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Government asks for advice on how to deal with offshore entities abusing NZ's Financial Service Providers Register

Government asks for advice on how to deal with offshore entities abusing NZ's Financial Service Providers Register

The Government is asking for advice on how to deal with overseas financial service providers misusing New Zealand's Financial Service Providers Register (FSPR).

This comes in an issues paper from the Ministry of Business, Innovation & Employment (MBIE) on reviews of the Financial Advisers Act and the Financial Service Providers (Registration and Dispute Resolution) Act. The paper was released by Commerce and Consumer Affairs Minister Paul Goldsmith, whose statement is here.

"A large number of offshore financial service providers have attempted to register in New Zealand in order to give the misleading impression that they are regulated here. While changes have been made to the legislation to address this problem, it appears to be an ongoing issue. We are seeking stakeholder views of the significance of the problem and whether further changes are needed to address it," MBIE says.

Last week reported on how the Financial Markets Authority has kicked 23 offshore entities off the FSPR this year but 21 of them remain registered as NZ companies via the Companies Office. The Napier-based registration agent for 11 of the 23, Deborah Jeffares, criticised the FMA's move, claiming it's lowering the regulation and oversight of these companies.

MBIE notes that some offshore providers have gone to "some lengths" to set up shell NZ operations.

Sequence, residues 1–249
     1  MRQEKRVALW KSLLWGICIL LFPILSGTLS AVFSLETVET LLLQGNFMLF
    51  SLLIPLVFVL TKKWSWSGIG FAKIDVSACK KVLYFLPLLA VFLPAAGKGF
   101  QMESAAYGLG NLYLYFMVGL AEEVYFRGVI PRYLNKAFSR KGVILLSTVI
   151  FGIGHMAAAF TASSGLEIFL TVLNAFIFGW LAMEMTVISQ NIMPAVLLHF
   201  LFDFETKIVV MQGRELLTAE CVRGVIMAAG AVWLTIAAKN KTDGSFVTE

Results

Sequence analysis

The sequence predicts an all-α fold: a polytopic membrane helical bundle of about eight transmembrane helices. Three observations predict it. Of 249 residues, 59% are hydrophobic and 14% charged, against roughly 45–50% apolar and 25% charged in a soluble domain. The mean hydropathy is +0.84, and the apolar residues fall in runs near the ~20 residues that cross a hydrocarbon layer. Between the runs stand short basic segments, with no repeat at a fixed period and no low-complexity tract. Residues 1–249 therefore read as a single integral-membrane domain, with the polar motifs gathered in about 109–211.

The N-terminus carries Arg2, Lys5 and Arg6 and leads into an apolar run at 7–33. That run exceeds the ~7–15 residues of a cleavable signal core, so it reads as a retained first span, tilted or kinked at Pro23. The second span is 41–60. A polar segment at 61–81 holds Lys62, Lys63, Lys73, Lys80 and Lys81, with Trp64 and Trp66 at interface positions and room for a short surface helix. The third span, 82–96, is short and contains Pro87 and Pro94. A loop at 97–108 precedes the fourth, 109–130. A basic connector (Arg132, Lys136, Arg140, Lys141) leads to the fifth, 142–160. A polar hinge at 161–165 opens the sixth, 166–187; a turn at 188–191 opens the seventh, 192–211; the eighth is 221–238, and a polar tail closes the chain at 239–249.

"While this may not have an impact on New Zealand businesses or consumers directly, as these providers typically avoid offering services to New Zealanders, it creates a risk to both New Zealand's reputation as a well-regulated jurisdiction and to the reputation of legitimate New Zealand financial service providers," says MBIE.

The paper goes on to say the FMA gained powers last year to direct the Registrar of Companies to decline a registration, or deregister a financial service provider following a referral from the Registrar. This is allowed if the FMA believes the registration creates a false or misleading impression in terms of the extent to which it's regulated in NZ.

"It is still too early to say whether this power will be effective in addressing the problem, although initial data from the Companies Office suggests that the number of applications for registration involving offshore providers is decreasing but is still significant," MBIE says.

Is licensing the solution?

It goes on to say other similar jurisdictions don't have this issue, or at least not to the same extent, because typically they licence all types of financial service providers.

"In contrast New Zealand opted largely for a registration regime because licensing can impose significant costs on financial service providers, thereby creating a barrier to entry and reducing competition."

The passing of the Financial Markets Conduct Act means a wide range of financial markets professions now require licences from the FMA, albeit not financial service providers. 

The MBIE paper asks; "Do you consider misuse of the Register by offshore financial service providers is a significant risk to New Zealand’s reputation as a well-regulated jurisdiction and/or to New Zealand businesses?"

And; "Are there any changes to the scope of the registration requirements or the powers of regulators that should be considered in response to this issue?"

Submissions are due by 5pm on July 22. A second document will then be released later in the year recommending potential changes to the regulatory regime. 

See all our stories on offshore finance companies here.

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